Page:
The theme is the founding of the state of Israel. The action begins on a ship filled with Jewish immigrants bound for Israel who are being off loaded on Cyprus. An Intelligence officer ... See full summary »
Eva Marie Saint,
John Forbes is a family man who's tired of the 9 to 5 humdrum of his job an insurance company executive. Life gets a little more exciting for him when he calls upon femme fatale Mona ... See full summary »
Oslo, April 19th 1945, as the Third Reich is living its last days, a group of Nazis and sympathizers (a Wehrmacht general; an SS commander and his "assistant"; an Italian industrialist and ... See full summary »
Desperate to earn money, Harry hooks back up with Joe Easy. The best scene is when they make the final run to cash out a load of furs and they get lost on the way through the forest. The ... See full summary »
Ann Williams, secretary to eccentric drama critic Frederick Skeates, is persuaded to alter a ruinous review of Shakespearean actor Edmund Davey by Davey's wife Barbara. Davey's 'Othello' ... See full summary »
Rip MacCool has learned early in life that "money talks" (and other stuff walks), as does the audience via flashbacks, and when he arrives in San Francisco, he has no qualms about being ... See full summary »
Vivian Kenway, a young Englishman from an aristocratic background, flunks out of Oxford, and decides to use his considerable charm to achieve his goal of, apparently, making dissipation his... See full summary »
Shoplifter Linda Wilson doesn't care much for life inside or outside jail until she starts a relationship with prison psychiatrist Philip Duncan. When the Warden asks her to break off the ... See full summary »
Small time racketeer Marc Fury agrees to plead self-defense for a murder committed by gang boss Joe Farrow in exchange for Farrow's I.O.U. for $50,000. He is acquitted but is ordered ... See full summary »
The character played by Joe King is shown in the opening credits as Moett. On the TCM print every time this character is mentioned it's clear the actors are saying Metcalf even though the sound drops out as if being censored. See more »
Framed for crimes they did not commit, two young men are sentenced to five years at hard labor on a Southern prison's brutal ROAD GANG.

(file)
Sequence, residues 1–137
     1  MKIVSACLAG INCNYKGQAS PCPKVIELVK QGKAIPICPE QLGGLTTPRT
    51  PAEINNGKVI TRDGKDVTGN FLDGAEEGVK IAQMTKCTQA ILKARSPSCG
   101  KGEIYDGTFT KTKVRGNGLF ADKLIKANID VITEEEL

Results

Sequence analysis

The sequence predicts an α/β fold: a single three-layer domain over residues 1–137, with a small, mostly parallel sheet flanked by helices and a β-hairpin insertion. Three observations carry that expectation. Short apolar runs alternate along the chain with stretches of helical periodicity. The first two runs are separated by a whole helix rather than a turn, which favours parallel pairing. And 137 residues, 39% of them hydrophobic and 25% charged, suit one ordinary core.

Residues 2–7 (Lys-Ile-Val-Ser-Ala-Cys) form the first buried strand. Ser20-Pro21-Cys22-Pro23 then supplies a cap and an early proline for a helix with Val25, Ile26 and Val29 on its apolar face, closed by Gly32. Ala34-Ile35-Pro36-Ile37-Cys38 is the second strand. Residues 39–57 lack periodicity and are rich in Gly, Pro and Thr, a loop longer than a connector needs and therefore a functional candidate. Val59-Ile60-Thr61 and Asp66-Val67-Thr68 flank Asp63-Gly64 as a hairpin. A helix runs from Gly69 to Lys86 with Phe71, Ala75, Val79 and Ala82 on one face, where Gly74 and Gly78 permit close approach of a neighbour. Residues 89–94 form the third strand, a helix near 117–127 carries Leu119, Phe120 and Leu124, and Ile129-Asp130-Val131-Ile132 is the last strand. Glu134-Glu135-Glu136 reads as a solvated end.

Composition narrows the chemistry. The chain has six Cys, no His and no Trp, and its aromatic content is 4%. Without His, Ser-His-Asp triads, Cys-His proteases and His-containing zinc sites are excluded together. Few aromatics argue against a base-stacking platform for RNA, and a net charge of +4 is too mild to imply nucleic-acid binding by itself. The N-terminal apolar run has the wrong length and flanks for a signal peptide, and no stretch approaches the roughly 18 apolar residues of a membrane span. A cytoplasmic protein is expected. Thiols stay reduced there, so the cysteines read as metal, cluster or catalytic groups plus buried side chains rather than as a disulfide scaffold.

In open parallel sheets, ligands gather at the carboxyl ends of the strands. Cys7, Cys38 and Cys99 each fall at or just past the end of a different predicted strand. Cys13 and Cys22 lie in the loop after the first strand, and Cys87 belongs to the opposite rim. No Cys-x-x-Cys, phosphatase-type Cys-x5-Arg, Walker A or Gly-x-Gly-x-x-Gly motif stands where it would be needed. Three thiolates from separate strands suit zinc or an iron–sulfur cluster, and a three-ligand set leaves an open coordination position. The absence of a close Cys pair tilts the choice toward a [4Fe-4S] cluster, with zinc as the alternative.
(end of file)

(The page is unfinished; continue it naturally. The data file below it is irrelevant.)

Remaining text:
Here is a fine example of the type of crime film which Warner Bros. produced so well. Although there are no big stars in the film, the acting is generally good, the stifling atmosphere is well maintained and the production values - especially in the prison camp/mine sequences - are of a high standard.
Donald Woods makes a sturdy, stalwart hero; made to endure various humiliations & punishments, he never wavers in his fight for justice. This is quite typical of the fine performances Woods gave during his career. Kay Linaker is enjoyable as his courageous fiancée.
The film is sparked by a handful of noteworthy performances among the large cast: Carlyle Moore Jr. as Woods faithful, tragic buddy; Henry O'Neill as a slick, utterly corrupt politician; Edward Van Sloan as a shyster lawyer; Olin Howlin as the lethargic prison doctor; and Charles Middleton as the Blackfoot Mine's vile warden.
ROAD GANG was a partial re-make of Warner's' hit film from four years earlier, I AM A FUGITIVE FROM A CHAIN GANG (1932), starring Paul Muni. In the days of the studio factory system, when churning out one picture after another in an almost endless supply was vitally important, it was not at all unusual to recycle the plots of successful A movies. The B pictures department would change elements here & there (ROAD GANG has a much happier ending than the Muni film), and release an entirely new picture, hoping for another winner. This was the first film scripted by the young Dalton Trumbo, destined to be famous for more than just his celebrated screenwriting abilities.
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